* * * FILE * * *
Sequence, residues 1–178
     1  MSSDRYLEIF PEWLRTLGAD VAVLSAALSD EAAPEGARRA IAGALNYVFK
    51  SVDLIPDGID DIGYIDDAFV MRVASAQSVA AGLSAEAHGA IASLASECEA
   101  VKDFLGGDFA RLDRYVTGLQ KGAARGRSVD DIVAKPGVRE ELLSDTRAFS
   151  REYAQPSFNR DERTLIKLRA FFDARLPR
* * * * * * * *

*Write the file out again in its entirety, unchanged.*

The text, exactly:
Sequence, residues 1–178
     1  MSSDRYLEIF PEWLRTLGAD VAVLSAALSD EAAPEGARRA IAGALNYVFK
    51  SVDLIPDGID DIGYIDDAFV MRVASAQSVA AGLSAEAHGA IASLASECEA
   101  VKDFLGGDFA RLDRYVTGLQ KGAARGRSVD DIVAKPGVRE ELLSDTRAFS
   151  REYAQPSFNR DERTLIKLRA FFDARLPR